AUGUSTA — The federal government has approved Maine’s request to establish work and premium payment requirements for some of its 258,000 Medicaid beneficiaries.
Gov. Paul LePage announced the change Friday, saying it will help push those who can work to find jobs while protecting benefits for the elderly, the disabled and children.
“Under my administration, we have worked to lift Mainers out of poverty by prioritizing work within our welfare programs,” LePage said in a prepared statement. “With the approval of the (application), we will be able to replicate that success in our Medicaid program.”
The announcement was immediately attacked by advocates for low-income Mainers, who contend the requirements would do more harm than good.
Scott Ogden, a spokesman for Maine Gov.-elect Janet Mills, said the Democrat has not reviewed the new waiver requirements for Medicaid, but would do so once she takes office. Medicaid operates in Maine under the name MaineCare.
Under Maine’s waiver request, which was approved by the federal Centers for Medicare and Medicaid Services, adults who receive MaineCare services and are able to participate in “community engagement activities or work” will be required to do so. The waiver also would allow the state to collect monthly premiums from adults who have the ability to earn income.
LePage said the changes are meant to build on similar reforms that were applied to other benefit programs for poor families and children.
“For all of our public assistance programs, our primary goal is to help people,” LePage said. “We can help people by supporting and encouraging them to stand on their own – allowing them to take charge of their financial independence. This approval is a big step forward for our state, as it provides us the opportunity to continue expanding our available workforce and allows us to focus our resources on those individuals who need it most.”
But advocates for the poor and disabled in Maine said the shift would only take health coverage away from people who are already struggling to get by.
Kathy Kilrain del Rio, a policy analyst with Maine Equal Justice Partners, said the shift will hurt and not help Maine’s poorest citizens.
“When people are struggling to make ends meet, imposing additional costs to access health care will result in fewer people getting the care they need,” Kilrain del Rio said in a prepared statement. “In the long run, that will harm thousands of Mainers and it will also result in economic costs for our state.”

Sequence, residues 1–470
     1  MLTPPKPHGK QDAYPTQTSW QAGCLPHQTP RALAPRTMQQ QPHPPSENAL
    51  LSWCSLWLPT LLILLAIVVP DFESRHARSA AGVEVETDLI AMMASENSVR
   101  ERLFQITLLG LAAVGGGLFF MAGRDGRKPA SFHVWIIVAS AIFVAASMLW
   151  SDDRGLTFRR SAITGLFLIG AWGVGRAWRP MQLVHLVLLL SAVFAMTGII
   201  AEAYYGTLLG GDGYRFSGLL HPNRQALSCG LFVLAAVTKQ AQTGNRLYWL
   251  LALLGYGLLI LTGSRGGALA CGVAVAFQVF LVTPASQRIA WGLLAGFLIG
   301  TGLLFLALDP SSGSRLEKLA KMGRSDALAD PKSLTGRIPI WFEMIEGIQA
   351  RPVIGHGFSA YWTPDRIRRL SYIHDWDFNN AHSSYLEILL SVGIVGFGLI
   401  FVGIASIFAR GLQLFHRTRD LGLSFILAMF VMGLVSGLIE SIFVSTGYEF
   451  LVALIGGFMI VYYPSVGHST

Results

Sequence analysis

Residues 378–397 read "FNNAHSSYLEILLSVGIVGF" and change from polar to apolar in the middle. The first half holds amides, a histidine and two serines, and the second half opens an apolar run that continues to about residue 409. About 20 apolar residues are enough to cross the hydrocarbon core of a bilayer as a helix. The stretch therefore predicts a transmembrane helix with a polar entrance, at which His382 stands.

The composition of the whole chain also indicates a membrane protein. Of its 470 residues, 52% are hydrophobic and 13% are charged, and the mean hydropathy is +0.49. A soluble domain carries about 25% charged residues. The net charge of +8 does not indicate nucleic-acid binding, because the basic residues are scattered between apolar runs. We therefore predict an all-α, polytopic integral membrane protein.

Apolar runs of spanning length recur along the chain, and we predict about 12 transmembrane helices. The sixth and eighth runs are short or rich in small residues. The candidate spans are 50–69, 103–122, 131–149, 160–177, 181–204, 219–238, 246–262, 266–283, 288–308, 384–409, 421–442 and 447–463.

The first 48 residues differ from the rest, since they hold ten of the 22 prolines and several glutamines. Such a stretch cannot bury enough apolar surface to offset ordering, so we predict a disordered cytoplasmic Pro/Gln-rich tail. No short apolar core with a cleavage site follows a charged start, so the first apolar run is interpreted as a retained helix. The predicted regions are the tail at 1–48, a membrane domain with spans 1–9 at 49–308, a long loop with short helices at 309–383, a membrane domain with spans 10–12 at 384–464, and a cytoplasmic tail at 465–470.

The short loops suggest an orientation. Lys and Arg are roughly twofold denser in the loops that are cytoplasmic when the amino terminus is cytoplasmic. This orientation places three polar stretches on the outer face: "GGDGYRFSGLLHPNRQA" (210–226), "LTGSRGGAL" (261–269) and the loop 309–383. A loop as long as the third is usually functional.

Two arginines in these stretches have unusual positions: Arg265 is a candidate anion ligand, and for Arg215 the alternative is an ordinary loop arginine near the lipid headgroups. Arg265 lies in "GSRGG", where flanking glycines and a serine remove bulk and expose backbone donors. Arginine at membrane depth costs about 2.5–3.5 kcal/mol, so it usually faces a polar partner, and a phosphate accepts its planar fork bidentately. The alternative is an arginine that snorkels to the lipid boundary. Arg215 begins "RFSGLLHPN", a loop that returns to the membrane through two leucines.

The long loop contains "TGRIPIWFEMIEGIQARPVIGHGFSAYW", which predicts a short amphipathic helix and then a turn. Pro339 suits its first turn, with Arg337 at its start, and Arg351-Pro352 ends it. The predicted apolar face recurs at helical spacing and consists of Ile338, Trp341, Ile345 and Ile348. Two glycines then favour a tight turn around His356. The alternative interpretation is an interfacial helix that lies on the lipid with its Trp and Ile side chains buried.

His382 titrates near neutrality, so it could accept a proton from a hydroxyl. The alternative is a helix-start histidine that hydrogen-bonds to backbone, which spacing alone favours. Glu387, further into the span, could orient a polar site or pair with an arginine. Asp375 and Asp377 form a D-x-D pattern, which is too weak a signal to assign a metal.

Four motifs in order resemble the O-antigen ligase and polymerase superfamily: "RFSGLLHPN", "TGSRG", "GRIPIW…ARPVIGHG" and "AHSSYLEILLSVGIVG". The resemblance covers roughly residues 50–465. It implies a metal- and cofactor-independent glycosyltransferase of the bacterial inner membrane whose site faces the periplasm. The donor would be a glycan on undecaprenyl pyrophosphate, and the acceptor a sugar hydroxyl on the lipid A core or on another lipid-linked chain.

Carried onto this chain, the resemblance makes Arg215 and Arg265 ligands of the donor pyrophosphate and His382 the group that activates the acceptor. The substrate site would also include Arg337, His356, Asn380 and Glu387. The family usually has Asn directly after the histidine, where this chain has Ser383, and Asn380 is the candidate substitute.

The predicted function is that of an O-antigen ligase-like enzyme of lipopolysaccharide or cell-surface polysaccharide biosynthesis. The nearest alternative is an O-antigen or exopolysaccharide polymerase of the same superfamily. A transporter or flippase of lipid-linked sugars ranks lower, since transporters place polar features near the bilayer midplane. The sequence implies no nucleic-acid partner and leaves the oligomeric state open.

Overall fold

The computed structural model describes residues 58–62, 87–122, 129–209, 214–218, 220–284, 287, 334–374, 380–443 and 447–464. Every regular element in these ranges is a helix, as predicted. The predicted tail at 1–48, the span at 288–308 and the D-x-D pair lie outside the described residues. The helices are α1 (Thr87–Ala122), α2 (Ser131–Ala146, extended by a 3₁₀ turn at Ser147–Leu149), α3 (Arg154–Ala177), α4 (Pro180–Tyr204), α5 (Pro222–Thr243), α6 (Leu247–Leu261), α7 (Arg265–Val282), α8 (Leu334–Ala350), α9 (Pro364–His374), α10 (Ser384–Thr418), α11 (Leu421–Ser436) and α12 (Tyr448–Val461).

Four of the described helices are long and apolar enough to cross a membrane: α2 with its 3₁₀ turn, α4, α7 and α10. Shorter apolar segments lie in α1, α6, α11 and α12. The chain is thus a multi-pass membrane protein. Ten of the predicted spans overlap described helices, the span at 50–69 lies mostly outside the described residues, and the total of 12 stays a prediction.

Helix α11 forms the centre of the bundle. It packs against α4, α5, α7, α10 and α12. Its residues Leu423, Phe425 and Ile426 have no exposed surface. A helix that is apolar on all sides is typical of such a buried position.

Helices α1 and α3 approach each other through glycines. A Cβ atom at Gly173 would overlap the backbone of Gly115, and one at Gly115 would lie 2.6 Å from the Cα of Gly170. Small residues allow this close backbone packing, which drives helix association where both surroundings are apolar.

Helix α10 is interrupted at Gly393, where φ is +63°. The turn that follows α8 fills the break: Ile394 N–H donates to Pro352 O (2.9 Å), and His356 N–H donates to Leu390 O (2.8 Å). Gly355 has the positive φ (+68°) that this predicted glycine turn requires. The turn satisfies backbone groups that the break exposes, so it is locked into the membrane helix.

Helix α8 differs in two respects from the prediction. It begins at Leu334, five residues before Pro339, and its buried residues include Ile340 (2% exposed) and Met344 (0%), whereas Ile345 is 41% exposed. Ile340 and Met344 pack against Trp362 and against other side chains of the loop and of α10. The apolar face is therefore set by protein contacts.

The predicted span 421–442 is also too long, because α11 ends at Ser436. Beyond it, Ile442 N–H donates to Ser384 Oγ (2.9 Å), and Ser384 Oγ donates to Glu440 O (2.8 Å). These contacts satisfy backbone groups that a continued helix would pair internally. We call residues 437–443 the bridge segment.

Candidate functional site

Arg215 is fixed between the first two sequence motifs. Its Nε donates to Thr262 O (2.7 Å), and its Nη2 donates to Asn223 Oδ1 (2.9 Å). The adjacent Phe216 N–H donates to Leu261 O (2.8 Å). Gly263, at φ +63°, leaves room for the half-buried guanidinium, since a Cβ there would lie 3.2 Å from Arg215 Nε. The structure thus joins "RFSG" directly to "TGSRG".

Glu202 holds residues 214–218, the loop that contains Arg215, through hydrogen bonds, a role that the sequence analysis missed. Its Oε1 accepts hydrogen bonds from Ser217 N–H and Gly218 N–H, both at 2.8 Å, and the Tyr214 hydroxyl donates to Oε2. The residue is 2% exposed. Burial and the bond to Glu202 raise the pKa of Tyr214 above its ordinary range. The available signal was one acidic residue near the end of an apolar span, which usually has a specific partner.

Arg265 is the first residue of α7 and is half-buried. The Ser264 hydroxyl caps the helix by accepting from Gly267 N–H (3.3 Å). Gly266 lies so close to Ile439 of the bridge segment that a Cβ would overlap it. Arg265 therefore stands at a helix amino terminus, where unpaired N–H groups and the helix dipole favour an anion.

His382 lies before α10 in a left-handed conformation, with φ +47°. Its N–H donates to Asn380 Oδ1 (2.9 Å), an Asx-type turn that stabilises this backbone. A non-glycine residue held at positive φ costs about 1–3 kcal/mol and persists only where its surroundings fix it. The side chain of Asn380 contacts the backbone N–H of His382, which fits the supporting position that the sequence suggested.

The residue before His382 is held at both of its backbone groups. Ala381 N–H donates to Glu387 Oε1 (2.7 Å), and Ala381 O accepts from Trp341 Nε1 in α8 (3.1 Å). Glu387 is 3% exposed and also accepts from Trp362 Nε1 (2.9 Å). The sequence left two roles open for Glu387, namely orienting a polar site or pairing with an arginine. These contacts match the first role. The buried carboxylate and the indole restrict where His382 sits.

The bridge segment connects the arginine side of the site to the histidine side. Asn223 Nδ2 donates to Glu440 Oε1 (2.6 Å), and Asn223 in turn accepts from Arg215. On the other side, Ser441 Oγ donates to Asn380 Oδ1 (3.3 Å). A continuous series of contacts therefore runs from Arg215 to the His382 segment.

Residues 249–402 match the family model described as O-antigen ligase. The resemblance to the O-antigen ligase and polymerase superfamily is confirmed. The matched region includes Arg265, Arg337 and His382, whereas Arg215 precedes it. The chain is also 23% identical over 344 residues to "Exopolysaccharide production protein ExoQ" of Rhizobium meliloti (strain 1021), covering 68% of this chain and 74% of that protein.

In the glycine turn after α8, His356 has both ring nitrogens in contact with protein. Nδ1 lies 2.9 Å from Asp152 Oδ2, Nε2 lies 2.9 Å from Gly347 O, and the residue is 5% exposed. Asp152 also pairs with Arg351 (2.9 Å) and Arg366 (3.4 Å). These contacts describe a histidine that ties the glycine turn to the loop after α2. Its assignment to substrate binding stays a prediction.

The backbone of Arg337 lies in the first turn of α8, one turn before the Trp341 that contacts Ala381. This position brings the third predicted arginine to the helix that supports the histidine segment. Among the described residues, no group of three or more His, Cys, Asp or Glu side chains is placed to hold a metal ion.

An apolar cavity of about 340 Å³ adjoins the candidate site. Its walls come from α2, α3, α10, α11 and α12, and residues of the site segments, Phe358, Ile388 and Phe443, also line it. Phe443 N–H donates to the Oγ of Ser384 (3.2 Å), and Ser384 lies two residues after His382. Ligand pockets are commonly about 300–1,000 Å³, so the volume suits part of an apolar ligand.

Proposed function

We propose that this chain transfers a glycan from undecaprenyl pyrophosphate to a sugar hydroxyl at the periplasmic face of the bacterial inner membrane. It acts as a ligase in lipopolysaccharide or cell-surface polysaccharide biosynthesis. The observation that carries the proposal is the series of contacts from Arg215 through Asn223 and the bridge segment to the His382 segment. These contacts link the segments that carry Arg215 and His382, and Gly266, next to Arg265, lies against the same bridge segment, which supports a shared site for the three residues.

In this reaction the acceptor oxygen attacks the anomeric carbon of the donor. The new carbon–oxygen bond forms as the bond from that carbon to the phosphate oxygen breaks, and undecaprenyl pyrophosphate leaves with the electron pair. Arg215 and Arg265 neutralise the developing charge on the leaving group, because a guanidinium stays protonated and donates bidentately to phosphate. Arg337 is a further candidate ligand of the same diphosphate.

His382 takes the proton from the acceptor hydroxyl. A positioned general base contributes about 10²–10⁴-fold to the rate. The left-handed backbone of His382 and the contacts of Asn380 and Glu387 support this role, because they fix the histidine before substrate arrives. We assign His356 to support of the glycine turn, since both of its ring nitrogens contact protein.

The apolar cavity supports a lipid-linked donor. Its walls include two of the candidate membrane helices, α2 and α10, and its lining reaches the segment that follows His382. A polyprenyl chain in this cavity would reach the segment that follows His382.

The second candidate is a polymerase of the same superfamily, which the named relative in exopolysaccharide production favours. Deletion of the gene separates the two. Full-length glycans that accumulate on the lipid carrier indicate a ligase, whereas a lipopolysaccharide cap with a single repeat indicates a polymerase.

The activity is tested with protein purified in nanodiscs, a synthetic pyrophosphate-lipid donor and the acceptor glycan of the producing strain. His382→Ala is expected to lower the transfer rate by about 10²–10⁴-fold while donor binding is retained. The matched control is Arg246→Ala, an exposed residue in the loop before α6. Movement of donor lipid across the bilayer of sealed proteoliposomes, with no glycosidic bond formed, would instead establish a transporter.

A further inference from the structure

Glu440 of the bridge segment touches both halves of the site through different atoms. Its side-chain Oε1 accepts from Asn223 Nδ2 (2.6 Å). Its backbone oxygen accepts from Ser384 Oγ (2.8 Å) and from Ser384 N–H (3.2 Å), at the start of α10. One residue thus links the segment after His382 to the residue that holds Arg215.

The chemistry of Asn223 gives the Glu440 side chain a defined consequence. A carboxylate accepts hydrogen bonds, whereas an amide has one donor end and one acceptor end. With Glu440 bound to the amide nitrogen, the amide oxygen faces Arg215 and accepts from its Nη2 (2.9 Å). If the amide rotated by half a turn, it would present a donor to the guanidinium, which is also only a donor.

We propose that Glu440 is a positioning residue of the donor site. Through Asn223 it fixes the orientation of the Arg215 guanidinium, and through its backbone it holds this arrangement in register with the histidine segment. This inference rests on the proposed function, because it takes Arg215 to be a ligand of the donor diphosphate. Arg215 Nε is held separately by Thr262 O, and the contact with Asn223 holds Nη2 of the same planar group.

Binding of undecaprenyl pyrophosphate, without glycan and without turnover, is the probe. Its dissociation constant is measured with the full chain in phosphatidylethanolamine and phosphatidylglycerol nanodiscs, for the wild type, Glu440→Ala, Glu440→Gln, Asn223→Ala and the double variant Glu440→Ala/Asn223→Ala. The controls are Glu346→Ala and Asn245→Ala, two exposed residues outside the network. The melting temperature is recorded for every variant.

Centers for Medicare and Medicaid Services Administrator Seema Verma touted the waiver approval, saying states like Maine were making strides to connect physical and financial health.
“Maine marks the seventh community engagement demonstration we have approved since announcing this important opportunity earlier this year,” Verma said in a prepared statement. “I’m proud that CMS has responded so effectively to the strong interest from states interested in helping connect working-age adult Medicaid beneficiaries with opportunities to improve their health and financial independence through work and community engagement.”
President Trump’s administration opened the door to work requirements for Medicaid in January, and LePage first filed the waiver application in the spring of 2017. Under the waiver, MaineCare beneficiaries can be asked to pay between $10 and $40 a month in premium charges to the state. The requirements would not apply to elderly or disabled people.
Ogden, Mills’ spokesman, did not indicate whether the Democrat would support the change.
“As a general matter, the Gov.-elect supports programs that offer apprenticeships, vocational education, computer sciences and other training initiatives to put people to work to fill available jobs, preferably by incentives instead of by bureaucratic mandates,” Ogden said. “Making sure people are healthy, of course, is a first step in making them eligible for work.”
Health advocacy groups, including the Eastern Division of the American Lung Association, urged Mills to suspend implementation of the new waiver.
“The American Lung Association in Maine believes everyone should have access to quality and affordable healthcare coverage. Maine’s Section 1115 Work Requirement Waiver does not advance that goal,” said Lance Boucher, the senior director of state advocacy for the association in Maine. ” We are very disappointed to see it approved today by the CMS. Those who fail to navigate these new burdensome requirements could have serious – even life or death – consequences.”
Boucher noted a similar waiver program in Arkansas saw some 16,000 people lose health care coverage.
“These policies do not further the goals of the Medicaid program or help low-income Mainers get health insurance,” Boucher said.
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